Social media leads to discovery of 5,000-year-old mastodon tooth
ARI SHAPIRO, HOST:
It's pretty common to find seashells or coral on the beach. Outside Santa Cruz, Calif., a tourist recently spotted something way more unusual. She snapped photos and posted them on social media.
WAYNE THOMPSON: And I saw the pictures, and I practically hit the floor.
MARY LOUISE KELLY, HOST:
Wayne Thompson is with the Santa Cruz Museum of Natural History. He says the object could easily be mistaken for a piece of burnt wood.
THOMPSON: 'Cause it was dark black on the top and kind of an amber brown on the bottom, but it doesn't look quite like a piece of firewood.
SHAPIRO: Not quite because, as Thompson could tell from the photos, it was actually a tooth - a huge mastodon molar almost 5 inches wide, with long roots extending below the chomping part.
KELLY: It is old. The last of these ice age mammoth relatives died out 10,000 years ago. Thompson rushed to the beach. But when he got there, the tooth was gone.
THOMPSON: I determined, because of the tide structure there, that it couldn't have been taken out to sea. It couldn't have been buried. So the conclusion was that somebody had taken it.
SHAPIRO: He describes what came next as a news and social media blitz to locate the tooth. And luckily, word got to the right person.
THOMPSON: Somebody called the museum and said, hey, you know, I think I have something that looks a lot like that thing I saw on the news. Can I come in and show it to you? And sure enough, it was the tooth.
KELLY: A preliminary dental exam offered some clues about the mastodon that once chewed with this tooth.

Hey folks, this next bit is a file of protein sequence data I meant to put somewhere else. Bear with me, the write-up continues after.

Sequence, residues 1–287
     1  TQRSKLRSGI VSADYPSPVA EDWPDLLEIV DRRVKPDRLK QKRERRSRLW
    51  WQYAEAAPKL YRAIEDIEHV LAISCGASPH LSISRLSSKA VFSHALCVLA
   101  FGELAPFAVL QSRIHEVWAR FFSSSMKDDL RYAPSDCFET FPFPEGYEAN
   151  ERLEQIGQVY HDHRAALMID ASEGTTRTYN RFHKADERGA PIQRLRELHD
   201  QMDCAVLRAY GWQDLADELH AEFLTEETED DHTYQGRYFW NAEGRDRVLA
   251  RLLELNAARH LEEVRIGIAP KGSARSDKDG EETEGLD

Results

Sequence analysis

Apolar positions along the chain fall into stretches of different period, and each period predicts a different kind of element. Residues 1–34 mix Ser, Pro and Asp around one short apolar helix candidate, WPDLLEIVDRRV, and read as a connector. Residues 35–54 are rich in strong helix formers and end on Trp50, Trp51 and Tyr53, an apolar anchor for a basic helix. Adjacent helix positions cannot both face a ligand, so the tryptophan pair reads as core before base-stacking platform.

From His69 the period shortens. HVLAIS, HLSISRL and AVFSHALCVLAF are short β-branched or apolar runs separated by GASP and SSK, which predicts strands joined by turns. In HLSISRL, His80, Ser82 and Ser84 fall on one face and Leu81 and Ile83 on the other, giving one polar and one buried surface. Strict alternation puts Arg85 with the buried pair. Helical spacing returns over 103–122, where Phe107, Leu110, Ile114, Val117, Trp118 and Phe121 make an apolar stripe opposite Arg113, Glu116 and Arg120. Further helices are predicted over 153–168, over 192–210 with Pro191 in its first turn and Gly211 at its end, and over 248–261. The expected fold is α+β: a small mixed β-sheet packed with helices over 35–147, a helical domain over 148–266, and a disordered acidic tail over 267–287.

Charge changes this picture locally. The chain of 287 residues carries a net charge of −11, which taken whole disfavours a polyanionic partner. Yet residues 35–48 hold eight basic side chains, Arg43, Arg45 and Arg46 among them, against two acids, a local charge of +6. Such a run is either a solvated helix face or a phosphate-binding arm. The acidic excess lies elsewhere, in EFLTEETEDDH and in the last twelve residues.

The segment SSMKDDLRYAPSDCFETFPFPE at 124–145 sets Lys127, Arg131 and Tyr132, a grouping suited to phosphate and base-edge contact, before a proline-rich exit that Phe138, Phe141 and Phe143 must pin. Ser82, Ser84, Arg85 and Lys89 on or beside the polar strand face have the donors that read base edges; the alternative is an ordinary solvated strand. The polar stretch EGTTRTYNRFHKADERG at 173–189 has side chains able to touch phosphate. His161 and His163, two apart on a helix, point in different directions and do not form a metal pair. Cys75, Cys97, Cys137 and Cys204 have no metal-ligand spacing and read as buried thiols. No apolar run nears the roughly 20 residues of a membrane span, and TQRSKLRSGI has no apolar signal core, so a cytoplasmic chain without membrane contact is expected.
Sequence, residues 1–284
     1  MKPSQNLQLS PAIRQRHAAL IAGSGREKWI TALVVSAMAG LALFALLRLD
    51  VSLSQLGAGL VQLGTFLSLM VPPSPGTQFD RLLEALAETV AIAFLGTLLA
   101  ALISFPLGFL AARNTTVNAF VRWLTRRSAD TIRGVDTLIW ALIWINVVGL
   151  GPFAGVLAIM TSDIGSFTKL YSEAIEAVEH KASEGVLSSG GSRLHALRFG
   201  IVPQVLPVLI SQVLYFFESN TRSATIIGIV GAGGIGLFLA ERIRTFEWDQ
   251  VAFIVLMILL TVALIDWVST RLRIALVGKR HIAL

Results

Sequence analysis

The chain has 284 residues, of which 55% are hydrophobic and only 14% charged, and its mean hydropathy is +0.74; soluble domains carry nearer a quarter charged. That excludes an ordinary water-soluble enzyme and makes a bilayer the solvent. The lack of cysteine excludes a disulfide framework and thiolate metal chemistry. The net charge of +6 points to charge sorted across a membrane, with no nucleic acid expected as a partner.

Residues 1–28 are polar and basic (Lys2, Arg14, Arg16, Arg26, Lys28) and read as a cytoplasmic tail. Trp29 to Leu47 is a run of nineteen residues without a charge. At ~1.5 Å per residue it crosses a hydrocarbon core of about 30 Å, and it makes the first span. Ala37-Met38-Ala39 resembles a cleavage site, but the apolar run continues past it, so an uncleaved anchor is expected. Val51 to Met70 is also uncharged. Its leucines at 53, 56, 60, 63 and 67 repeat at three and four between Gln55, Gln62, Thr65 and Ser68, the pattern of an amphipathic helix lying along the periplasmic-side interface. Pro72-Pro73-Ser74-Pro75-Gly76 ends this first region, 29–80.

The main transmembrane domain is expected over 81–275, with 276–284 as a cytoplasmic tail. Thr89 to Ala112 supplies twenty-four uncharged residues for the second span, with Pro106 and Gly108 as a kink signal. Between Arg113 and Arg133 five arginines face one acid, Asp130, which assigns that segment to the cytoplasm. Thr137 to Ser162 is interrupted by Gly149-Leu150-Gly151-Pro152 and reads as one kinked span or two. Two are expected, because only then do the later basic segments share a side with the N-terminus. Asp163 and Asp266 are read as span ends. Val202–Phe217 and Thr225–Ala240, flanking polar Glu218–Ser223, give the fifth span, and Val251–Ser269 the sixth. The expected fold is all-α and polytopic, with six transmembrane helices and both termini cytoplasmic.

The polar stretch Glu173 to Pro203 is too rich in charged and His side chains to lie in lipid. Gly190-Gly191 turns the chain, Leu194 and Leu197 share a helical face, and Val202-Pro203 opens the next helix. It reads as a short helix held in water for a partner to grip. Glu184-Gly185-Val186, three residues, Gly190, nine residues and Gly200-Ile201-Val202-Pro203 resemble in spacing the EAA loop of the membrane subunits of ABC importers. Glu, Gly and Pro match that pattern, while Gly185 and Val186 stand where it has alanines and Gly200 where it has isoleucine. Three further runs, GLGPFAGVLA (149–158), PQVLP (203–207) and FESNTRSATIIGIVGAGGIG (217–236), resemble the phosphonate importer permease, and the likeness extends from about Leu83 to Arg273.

THOMPSON: The top of the molar - the enamel part and the dentine is highly eroded, indicating that this particular individual was an adult, probably between 30 and 40 years old.
KELLY: Thompson says radiocarbon dating could narrow down when this mastodon lived, and examining wear and tear on the tooth's surface might reveal what it liked to eat.
SHAPIRO: By the way, this is not the first time mastodons have washed up in the area. In the early 1980s, Thompson spent two years piecing together a skull that a teenager found in a nearby creek. He says dozens of locals are now calling in with more leads.
THOMPSON: This one woman contacted me and said, you know, I have some pictures of this thing I found on the beach. It looks like it might be a bone. And it's really, really, really big. And sure enough, it's the leg bone of a mammoth or a mastodon. So we'll be studying that specimen and getting it to the museum soon.
KELLY: The museum was already planning an exhibit on local mammoths and mastodons. With any luck, it's about to get bigger.
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